MAJOR
EVENTS IN HUMAN EVOLUTION

Event

  

Thousand Years Ago

Origin of Life

  

3,500,000

Origin of Primates

  

60,000

Group containing humans and apes begins to diversify

  

23,000

Earliest hominids (bipeds) appear in Africa

  

7–6,000

First
Australopithecus

  

4,200

Earliest possible use of sharp stone for cutting

  

3,400

Beginning of glacial cycle

  

2,600

Distinct expansion of grassland fauna in Africa

  

2,600

Earliest documented manufacture of stone tools

  

2,600–2,500

Claimed “early
Homo
” fossils appear

  

2,500–2,000

First
Homo
of modern body proportions in Africa

  

1,900–1,600

Hominids first leave Africa (Dmanisi)

  

1,800

First stone tools made to deliberate shape

  

1,760

Homo erectus
appears in Asia

  

1,700–1,600

First
Homo
fossils in Europe

  

1,400–1,200

Earliest evidence of domesticated fire in hearths

  

790

Homo antecessor
appears in Europe

  

780

First
Old World–wide hominid,
Homo heidelbergensis

  

600

First evidence of Neanderthal lineage in Europe

  

> 530

Earliest blade tools in Africa

  

500

Earliest wooden spears, hafted tools

  

400

First evidence of constructed shelters

  

400–350

Earliest prepared-core tools

  

300–200

Origin of anatomically recognizable
Homo sapiens
in Africa

  

~200

First possible beadwork

  

~100

Earliest engravings, heat-treatment of silcrete

  

~75

Exodus of cognitively symbolic
Homo sapiens
from Africa

  

70–60

First modern humans in Australia

  

60

First modern humans in Europe, flowering of art and symbols

  

40–30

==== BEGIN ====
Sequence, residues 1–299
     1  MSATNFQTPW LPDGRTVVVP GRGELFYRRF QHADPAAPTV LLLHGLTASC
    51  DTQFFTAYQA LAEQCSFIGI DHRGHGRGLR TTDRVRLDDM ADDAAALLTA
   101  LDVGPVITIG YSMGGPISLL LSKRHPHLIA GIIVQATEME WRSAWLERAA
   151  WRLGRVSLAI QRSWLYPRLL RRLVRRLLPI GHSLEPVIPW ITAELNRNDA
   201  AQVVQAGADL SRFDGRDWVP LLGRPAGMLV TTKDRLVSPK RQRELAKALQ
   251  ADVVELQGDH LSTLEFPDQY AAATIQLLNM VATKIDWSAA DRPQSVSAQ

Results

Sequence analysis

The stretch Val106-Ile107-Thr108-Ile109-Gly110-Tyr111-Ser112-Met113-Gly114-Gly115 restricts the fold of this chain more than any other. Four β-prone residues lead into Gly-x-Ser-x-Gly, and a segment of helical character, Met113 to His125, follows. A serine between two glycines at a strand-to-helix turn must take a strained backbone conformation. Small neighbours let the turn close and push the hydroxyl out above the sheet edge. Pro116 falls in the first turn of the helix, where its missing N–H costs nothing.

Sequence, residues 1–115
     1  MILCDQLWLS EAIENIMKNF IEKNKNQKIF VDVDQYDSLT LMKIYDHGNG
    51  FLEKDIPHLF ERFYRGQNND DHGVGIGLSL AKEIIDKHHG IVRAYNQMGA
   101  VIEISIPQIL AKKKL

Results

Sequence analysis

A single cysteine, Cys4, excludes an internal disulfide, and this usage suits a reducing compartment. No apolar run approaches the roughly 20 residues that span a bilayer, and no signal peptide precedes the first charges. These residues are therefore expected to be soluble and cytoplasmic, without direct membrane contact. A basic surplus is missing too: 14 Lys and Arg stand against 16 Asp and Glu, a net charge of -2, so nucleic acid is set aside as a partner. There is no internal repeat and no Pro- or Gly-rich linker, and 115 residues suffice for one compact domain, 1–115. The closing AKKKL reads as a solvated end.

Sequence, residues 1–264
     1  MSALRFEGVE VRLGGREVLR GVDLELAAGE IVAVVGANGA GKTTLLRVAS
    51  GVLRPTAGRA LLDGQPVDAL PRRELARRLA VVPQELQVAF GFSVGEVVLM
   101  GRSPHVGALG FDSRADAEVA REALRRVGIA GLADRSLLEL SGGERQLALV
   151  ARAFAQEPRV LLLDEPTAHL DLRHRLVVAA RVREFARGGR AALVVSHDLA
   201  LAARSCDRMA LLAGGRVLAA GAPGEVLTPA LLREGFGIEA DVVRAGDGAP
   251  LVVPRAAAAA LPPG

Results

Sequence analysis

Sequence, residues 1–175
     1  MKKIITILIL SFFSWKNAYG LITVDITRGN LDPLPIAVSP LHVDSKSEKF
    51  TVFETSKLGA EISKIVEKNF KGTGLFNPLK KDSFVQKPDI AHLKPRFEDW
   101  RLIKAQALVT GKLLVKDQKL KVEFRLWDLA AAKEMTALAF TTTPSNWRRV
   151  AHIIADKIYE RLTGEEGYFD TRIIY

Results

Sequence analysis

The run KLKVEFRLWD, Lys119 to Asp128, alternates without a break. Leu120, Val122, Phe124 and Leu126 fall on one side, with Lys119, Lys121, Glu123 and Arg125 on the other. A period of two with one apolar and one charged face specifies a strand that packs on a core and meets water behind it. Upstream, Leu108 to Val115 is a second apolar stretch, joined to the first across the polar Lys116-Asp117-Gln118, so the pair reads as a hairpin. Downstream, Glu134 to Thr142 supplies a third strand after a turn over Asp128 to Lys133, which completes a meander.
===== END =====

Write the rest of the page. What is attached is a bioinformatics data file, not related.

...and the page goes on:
Extinction of Neanderthals,
Homo erectus

  

~30

Homo floresiensis
extinct

  

14

Last Ice Age ends

  

12

Plant cultivation and animal domestication begin

  

11

ONE

ANCIENT ORIGINS

Among the most important influences not only on how ancient creatures evolved, but on their preservation as fossils, has been the geography and topography of the Earth itself. This has been as true for our group as for any other, so it's worth giving a bit of background here. During the Age of Mammals that followed the demise of the dinosaurs some 65 million years ago, much of the African continent was a flattish highland plateau. This slab of the Earth's crust lay over the roiling molten rocks of the Earth's interior like a great thick blanket, trapping the heat below. Heat must rise, and eventually ascending hot rock began to swell the rigid surface above.

Thus began the formation of the great African Rift, the “spine of Africa,” that formed as a series of more or less independent but ultimately conjoined areas of uplift known as “domes.” These blistered and split apart the continent's surface along a line that started in Syria, proceeded down the Red Sea, then south from Ethiopia through East Africa to Mozambique. The Rift's major feature, the Great East African Rift Valley, formed as a complex chain of sheer-sided depressions when the swelling below cracked the inflexible rock at the surface. As the continent continued to rise with the injection of more hot rock from below, erosion by water and wind began to deposit sediments in the valley floors— sediments that contain an amazingly rich assortment of fossils. As a category, fossils technically include any direct evidence of past life, but the
overwhelming
majority of them consist of the bones and teeth of dead animals that were luckily—for paleontologists—covered and protected by marine or lake or river sediments before they could be obliterated by scavengers and the elements. And, as fate would have it, the sedimentary rocks of the Rift Valley include the most remarkable fossil record we have, from anywhere in the world, of the long history of mankind and its early relatives.

In eastern Africa, Rift sediments began to be deposited in the Ethiopian Dome about 29 million years ago, and similar deposits mark the initiation of the Kenya Dome only a few million years later, at about 22 million years. This occurred during the period known to geologists as the Miocene epoch, and it happens to have been an exceptionally interesting time in primate evolution, as the fossil record shows. It was what you might call “the golden age of the apes,” and it set the stage for the evolution of the human family, which appeared toward its end.